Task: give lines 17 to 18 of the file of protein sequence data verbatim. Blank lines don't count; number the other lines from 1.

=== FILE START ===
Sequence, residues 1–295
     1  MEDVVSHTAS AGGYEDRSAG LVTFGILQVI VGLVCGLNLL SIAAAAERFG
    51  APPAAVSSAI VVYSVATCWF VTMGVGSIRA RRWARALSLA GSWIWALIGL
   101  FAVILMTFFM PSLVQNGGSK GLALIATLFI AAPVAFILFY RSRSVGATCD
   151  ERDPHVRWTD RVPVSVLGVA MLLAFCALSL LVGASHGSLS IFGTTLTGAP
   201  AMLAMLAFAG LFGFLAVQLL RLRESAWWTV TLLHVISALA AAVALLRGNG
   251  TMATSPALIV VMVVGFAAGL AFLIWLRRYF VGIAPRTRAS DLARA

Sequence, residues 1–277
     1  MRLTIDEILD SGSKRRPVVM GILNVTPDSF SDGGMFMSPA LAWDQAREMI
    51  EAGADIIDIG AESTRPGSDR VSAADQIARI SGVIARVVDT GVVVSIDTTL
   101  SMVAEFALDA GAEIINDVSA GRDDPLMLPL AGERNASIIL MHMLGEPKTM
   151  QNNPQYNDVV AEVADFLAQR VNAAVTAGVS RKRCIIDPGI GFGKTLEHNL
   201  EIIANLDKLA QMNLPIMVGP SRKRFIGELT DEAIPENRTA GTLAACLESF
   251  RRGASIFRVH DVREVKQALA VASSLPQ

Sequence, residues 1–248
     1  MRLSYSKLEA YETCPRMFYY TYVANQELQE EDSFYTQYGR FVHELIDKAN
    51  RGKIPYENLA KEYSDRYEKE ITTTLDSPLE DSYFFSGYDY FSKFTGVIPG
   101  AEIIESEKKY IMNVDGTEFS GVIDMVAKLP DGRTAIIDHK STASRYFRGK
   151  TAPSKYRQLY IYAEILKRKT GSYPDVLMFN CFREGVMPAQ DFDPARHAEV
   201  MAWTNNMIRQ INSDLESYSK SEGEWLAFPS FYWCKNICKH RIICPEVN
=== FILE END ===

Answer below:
    51  RGKIPYENLA KEYSDRYEKE ITTTLDSPLE DSYFFSGYDY FSKFTGVIPG
   101  AEIIESEKKY IMNVDGTEFS GVIDMVAKLP DGRTAIIDHK STASRYFRGK